The Nuts and Bolts of Assessment. LAVC SLO Training Spring 2010 Partially adapted from a presentation by Arend Flick, Assessment Coordinator, Riverside Community College District . An Introduction to Student Learning Outcomes.
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The Nuts and Bolts of Assessment
LAVC SLO Training
Partially adapted from a presentation by Arend Flick,
Assessment Coordinator, Riverside Community College District
As opposed to “objectives,” SLOs emphasize application of knowledge (what a student can do at the end of a course of instruction).
They are not discrete or highly specific skills but “complexes of knowledge, ability, and attitudes.”
What is it and how do we do it?
Something you’re already doing, even though you probably don’t call it that.
Not an end in itself, but a tool for educational and institutional improvement.
1. Articulate goals for student learning
2. Gather evidence about how well students are meeting the goals (and discuss/interpret this evidence)
3. Use this information to improve and to make learning visible
To document learning.
To assist in planning and resource allocation processes.
Holistic - performance traits are aggregated and a single score is given to each product
Analytic - each primary trait has a separate score (more useful for assessment)
Identify what learning outcome(s) you’re assessing (e.g., critical thinking).
Identify an assignment that could enable students to demonstrate they’ve achieved that outcome.
Describe the best student product you could expect and the criteria you associate with that exemplary product.
Do the same with clearly inferior work, and then with marginally acceptable and marginally unacceptable work.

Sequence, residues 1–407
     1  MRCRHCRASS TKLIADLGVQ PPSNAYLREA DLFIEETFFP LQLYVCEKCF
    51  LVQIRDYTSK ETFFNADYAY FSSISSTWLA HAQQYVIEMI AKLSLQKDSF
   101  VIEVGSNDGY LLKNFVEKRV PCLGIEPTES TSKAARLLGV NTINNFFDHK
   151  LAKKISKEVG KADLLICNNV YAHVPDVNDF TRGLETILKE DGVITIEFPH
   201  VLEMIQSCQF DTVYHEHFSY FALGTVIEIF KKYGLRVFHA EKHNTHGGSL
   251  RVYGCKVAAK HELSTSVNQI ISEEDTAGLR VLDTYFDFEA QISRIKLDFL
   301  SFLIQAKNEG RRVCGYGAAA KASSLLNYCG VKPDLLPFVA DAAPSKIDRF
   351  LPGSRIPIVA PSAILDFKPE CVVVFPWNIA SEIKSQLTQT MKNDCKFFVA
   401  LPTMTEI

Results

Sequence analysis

Categorize the criteria—a table is useful for that purpose.
Test the rubric, ideally asking colleagues who were not involved in its creation to use it, revising as needed to eliminate ambiguities.
Basic Assessment Rubric Structure
4StrongClear evidence that the student has achieved the SLO.
3MarginalAcceptable evidence that the student has generally achieved the SLO.
2InadequateInsufficient evidence that the student has achieved the SLO.
1WeakLittle or no evidence that the student has achieved the SLO.
Involve everyone in the discipline (including adjuncts)
You don’t have to assess products from every student in every section—a random sampling is fine.
Decide how samples will be collected and who will apply the rubric.
Hold norming sessions with everyone who will be involved in the assessment.
Aggregate the data and DISCUSS THEIR IMPLICATIONS: you aren’t completing the assessment cycle unless you use results to improve teaching and learning.
Sample SLO Assessment
Riverside Community College
Effective use of quotation
Effective use of MLA conventions in citing sources
Effective control over conventions of written English (including grammar, punctuation, etc.)
Suitable choice and conception of topic
Sufficient cognitive engagement with topic
As a model for doing course-based assessment, this approach has been modified to assess learning in other English courses.
English 1A assessment report sent to all English 1A instructors, underscoring evidence that we need to teach and assess quotation and MLA usage.
Workshops on these SLOs in our writing labs.
Discussion and professional development activities on how to teach to these SLOs in discipline meetings.
Development of course handbooks to make expectations clearer and provide pedagogical advice to all instructors.
Consider alternate teaching methods.
Brainstorm with colleagues about their methods.
Reconsider the curriculum itself.
Reconsider the assessment method—maybe it gave you bad data.
Thomas Angelo and Patricia Cross, Classroom Assessment Techniques (Jossey-Bass, 1993)
C. A. Palomba and Trudy W. Banta, Assessment Essentials (Jossey-Bass, 1999)
Barbara Walvoord, Assessment Clear and Simple (Jossey-Bass, 2004)